Since Jamala’s bilingual winning song “1944” and Salvador Sobral’s Portuguese winner “Amar pelos dois”, we’ve seen a massive increase in non-English songs at Eurovision. But how did these songs stack up at Eurovision 2018? We take a look at the non-English songs that competed in Lisbon.
Please note: we are not counting songs in English that may have used an occasional word from another language.
13. Georgia: Ethno-Jazz Band Iriao – “For You”
Place: 18th in the semi-final with 24 points, 5% of available points
While Georgia’s song had an English title, it was the first Georgian Eurovision entry to have lyrics entirely in Georgian. Ethno-Jazz Band Iriao brought a pleasant moment of calmness to the middle of the second semi-final, but their rich harmonies were not enough to get the group to the grand final, finishing last in the semi.
12. Montenegro: Vanja Radovanović – “Inje”
Place: 16th in the semi-final with 40 points, 8.33% of available points
The two times Montenegro has qualified for the grand final, it’s been with a Balkan ballad with Montenegrin lyrics. But history was not about to repeat in Lisbon with “Inje” (Frost). Vanja Radovanović finished 16th in the semi-final, with only 40 points.
11. Armenia: Sevak Khanagyan – “Qami”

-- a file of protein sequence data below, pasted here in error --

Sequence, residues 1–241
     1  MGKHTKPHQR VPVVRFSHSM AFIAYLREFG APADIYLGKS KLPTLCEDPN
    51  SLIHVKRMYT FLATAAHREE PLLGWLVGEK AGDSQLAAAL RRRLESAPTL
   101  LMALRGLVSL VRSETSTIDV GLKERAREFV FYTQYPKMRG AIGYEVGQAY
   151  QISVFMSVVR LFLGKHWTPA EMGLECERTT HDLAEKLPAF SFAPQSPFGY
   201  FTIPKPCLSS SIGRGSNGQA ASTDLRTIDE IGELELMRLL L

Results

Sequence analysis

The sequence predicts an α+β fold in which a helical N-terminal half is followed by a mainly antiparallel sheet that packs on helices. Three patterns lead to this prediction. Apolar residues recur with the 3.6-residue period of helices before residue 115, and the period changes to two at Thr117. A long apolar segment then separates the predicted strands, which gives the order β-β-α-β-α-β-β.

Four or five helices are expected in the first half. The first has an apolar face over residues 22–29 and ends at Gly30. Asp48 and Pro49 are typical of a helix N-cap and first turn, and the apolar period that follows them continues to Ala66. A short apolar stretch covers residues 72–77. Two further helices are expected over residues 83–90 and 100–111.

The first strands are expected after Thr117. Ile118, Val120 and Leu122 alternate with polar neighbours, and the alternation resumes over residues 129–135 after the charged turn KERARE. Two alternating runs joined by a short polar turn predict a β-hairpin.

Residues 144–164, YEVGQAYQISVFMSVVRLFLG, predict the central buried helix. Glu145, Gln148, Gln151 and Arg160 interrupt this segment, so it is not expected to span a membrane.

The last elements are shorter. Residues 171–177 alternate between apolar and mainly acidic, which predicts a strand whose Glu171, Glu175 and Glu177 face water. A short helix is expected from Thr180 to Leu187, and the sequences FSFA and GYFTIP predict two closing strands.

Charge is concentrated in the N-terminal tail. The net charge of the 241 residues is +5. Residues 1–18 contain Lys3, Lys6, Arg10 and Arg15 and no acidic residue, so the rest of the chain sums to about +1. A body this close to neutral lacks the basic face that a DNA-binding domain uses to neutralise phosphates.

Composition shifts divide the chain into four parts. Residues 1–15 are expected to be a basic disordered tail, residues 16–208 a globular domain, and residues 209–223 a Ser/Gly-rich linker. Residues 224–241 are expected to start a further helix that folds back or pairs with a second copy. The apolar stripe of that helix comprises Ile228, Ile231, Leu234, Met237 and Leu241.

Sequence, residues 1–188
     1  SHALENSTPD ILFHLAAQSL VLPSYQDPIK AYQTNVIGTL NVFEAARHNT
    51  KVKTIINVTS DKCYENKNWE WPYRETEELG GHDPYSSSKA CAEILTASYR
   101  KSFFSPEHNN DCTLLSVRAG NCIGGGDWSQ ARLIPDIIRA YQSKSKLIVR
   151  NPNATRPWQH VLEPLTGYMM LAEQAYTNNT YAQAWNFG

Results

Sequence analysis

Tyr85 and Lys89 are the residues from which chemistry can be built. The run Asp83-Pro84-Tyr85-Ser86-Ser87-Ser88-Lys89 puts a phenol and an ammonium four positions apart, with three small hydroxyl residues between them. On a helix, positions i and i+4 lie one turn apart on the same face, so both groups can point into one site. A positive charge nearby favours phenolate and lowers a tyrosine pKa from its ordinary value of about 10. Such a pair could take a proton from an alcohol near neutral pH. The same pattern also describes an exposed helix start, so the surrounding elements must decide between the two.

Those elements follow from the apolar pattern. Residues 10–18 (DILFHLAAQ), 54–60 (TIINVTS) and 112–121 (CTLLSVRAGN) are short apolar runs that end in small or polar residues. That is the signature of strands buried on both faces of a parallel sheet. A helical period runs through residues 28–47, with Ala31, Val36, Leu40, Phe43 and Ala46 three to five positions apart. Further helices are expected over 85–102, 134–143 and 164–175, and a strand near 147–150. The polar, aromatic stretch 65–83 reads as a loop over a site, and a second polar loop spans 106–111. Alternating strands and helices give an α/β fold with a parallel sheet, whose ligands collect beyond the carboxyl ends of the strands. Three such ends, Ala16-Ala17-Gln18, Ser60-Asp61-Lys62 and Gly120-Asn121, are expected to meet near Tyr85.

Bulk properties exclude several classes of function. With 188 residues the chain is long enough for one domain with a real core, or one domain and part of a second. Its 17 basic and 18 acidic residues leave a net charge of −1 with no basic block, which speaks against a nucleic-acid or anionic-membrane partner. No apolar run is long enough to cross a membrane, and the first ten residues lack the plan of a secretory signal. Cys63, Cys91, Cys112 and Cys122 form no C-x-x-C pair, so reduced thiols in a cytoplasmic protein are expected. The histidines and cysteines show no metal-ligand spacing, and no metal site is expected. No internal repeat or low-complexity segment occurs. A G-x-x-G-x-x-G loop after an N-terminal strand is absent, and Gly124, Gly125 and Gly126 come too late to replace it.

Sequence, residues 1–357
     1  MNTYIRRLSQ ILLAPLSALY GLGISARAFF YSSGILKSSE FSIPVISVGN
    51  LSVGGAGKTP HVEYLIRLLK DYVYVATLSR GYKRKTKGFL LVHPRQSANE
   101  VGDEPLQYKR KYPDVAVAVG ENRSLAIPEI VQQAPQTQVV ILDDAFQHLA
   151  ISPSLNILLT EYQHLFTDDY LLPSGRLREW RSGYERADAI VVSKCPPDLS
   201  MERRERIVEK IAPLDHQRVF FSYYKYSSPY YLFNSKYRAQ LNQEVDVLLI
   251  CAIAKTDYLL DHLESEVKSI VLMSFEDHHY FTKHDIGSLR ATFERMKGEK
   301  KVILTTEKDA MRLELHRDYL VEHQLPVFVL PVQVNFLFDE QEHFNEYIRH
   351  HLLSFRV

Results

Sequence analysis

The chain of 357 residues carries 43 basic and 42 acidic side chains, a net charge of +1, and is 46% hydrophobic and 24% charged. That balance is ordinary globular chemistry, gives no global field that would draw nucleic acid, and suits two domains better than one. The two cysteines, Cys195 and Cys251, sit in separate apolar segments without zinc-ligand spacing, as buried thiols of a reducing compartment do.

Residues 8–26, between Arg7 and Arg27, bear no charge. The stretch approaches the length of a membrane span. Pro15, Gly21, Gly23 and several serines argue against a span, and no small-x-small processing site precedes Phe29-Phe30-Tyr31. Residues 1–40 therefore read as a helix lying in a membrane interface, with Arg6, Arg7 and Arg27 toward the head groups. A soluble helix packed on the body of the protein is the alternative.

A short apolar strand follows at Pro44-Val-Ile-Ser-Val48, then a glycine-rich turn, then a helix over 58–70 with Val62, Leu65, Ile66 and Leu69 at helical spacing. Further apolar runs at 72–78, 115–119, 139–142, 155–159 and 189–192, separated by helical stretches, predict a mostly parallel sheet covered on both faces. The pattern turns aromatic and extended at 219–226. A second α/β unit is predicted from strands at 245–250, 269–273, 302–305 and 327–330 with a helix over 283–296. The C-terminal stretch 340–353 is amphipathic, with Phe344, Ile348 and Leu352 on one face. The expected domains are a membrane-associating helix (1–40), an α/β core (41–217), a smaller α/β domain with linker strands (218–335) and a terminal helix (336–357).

Place: 15th in the semi-final with 79 points, 15.67% of available points
Sevak Khanagyan won national final Depi Evratesil, meaning that his song “Qami” (Wind) would be the first Eurovision entry sung entirely in Armenian. However, the emotional ballad didn’t have enough support to make it to the grand final in Lisbon. The 15th-place semi-final finish of “Qami” broke Armenia’s five-year qualification streak.
10. Greece: Yianna Terzi – “Oniro mou”
Place: 14th in the semi-final with 81 points, 16.07% of available points
Greece hasn’t done badly in the past with Greek song lyrics — “Opa!” placed 8th in 2010. However despite having huge support from Greek fans, “Oniro mou” (My dream) was not so successful in 2018. While the song placed 10th with the televote, a lower jury score ensured it missed out on qualifying, finishing in 14th place.
9. Portugal: Cláudia Pascoal – “O jardim”
Place: 26th in the grand final with 39 points, 3.87% of available points
In 2017, Portugal delivered the second non-English song to win Eurovision since the free-language era began. This year they stuck with the Portuguese language, but the tender ballad “O jardim” (The garden) did not enjoy the same success. Portugal join Austria 2015 in being a host country that finished in last place.
8. Spain: Amaia y Alfred – “Tu canción”
Place: 23rd in the grand final with 61 points, 6.05% of available points
OT 2017 sweethearts Amaia and Alfred sparked renewed interest in Eurovision amongst Spanish viewers. However, their love ballad “Tu canción” (Your song) didn’t melt the hearts of many viewers outside the Iberian peninsula. The 23rd-place finish was, however, better than Spain’s last placing in 2017.
Next… we look at the remaining non-English songs and see how they did.
What do you think? Can a country do well with a non-English song? Share your thoughts in the comments section below!